Rev. Peter M. Donohue, O.S.A., Ph.D. Offers Insight Into “Rooted. Restless.” Strategic Plan

Erin Gormley News Editors

On Thursday, September 5th, 2019 President Rev. Peter M. Donohue, O.S.A., Ph.D. unveiled the “Rooted. Restless.” Strategic Plan in the Finneran Pavilion to a crowd eager to hear about the next steps for the University. In the days since the grand reveal, students, faculty, and community members have eagerly read the plans that Donohue announced, but The Villanovan sat down with him to look deeper into how these plans will be accomplished throughout the next decade.

The University intends to add $70 million of additional investment to the annual budget each year until 2030, along with raising $400 million from annual giving. The $70 million each year will primarily come from reallocation of assets and an analysis of faculty positions for professors who are primarily involved with lab work and research. The large sum added to the budget will not come from a hike in undergraduate tuition, as some students and parents assumed, but increasing tuition is a possible outcome that comes naturally with rising costs in the world over the next ten years. 

At the Strategic Plan Celebration a few weeks ago, Donohue firmly committed the University to meeting 100% of demonstrated undergraduate need by 2030 and promised to continue this support well into the future. The guarantee will be fulfilled primarily from the school’s endowment, which will be raised through the “Rooted. Restless.” campaign as well as additional fundraising. “We have to build that up, and that would be through the campaign so donors can contribute directly to the endowment,” Donohue emphasized.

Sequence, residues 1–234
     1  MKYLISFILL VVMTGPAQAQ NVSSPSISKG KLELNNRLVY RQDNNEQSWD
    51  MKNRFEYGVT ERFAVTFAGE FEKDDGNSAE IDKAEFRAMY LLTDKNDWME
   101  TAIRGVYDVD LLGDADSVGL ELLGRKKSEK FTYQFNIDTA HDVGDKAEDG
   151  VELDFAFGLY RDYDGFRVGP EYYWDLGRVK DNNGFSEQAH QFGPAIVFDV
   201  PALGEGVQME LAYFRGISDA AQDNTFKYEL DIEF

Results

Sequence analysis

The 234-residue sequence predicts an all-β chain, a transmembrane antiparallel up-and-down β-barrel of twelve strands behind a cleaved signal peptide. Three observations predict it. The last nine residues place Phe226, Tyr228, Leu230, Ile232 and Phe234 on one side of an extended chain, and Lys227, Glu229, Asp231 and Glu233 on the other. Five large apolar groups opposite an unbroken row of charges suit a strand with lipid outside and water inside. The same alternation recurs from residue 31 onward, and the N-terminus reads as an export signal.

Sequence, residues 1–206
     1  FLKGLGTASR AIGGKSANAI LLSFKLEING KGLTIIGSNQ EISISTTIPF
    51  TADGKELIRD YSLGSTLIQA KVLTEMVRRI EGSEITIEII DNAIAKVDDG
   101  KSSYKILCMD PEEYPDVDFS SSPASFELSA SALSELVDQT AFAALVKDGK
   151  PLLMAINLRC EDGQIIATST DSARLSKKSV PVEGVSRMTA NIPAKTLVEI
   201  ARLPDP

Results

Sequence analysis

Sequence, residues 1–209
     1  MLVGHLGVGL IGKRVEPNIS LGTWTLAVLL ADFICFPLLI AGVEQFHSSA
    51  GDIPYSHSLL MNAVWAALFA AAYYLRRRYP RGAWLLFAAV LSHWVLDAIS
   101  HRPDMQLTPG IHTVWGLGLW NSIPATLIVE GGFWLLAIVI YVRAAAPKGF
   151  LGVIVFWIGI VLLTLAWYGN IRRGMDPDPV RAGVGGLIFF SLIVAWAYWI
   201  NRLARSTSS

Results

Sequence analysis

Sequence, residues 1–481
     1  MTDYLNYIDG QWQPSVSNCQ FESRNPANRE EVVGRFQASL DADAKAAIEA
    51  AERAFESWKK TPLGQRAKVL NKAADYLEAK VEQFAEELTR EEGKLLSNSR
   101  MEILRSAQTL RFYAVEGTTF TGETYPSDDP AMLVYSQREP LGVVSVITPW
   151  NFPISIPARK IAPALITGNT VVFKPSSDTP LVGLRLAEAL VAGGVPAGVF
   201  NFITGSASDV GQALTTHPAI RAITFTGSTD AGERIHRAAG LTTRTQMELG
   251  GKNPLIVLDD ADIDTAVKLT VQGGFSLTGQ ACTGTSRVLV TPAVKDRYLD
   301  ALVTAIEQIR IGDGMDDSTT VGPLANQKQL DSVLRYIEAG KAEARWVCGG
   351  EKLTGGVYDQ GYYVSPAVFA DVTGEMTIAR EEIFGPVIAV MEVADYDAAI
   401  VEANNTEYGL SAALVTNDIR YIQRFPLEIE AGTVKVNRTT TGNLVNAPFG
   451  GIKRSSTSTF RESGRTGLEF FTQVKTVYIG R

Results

One aspect of the “Rooted. Restless” Strategic Plan that caught the crowd’s attention was the idea to look into housing for graduate students at the University. “Many full-time graduate students are not local. They are coming from various areas, other countries, and thus, it would be nice to have some sort of graduate housing here on campus,” Donohue said. “It would give graduate students a sense of supporting each other.” 

The University has many opportunities to pursue such a hefty task, and Donohue explained the many possibilities to carry this out in Bryn Mawr or here on campus. Donohue further articulated the chance to outsource apartments dedicated for graduate students at the University at The Villas of Bryn Mawr, looking into designing and building up the Southwest portion of Main Campus, or working with Radnor Township to reconstruct and rezone the portion of campus just west of The Commons where many offices are located. 

While the Strategic Plan is still in its earliest phase, The Villanovan staff was curious about which updates students could expect to see first. Donohue mentioned future refurbishments and resdesigning of the Center for Engineering Education and Research (CEER), and said that although still being outlined, students may be able to see changes in as soon as two years. “CEER is next on the docket. We’re in the process of planning that addition,” he said. 

Donohue additionally spoke with vigor about the changes to come to Falvey Memorial Library and Tolentine Hall, which students and faculty both desperately need. “There are plans for the library, as you’ve seen pictures of in the Strategic Plan and after that, I’d love to renovate Tolentine,” Donohue said. 

In addition to the many plans to upgrade campus features, Donohue reiterated the University’s commitment to a sustainable future for students and faculty. Along with efforts the school will make, “Everyone has to make an effort” Donohue said. The University will focus on buying renewable energy along with composting in various dining halls. Upgrading campus features is expensive, but Donohue reaffirmed the school’s promise to sustainability in an important time of climate change.

So far, the “Rooted. Restless.” Strategic Plan has been well received by the school community. Donohue and the rest of the administration are excited for plans to move past the design phase and begin to impact the University.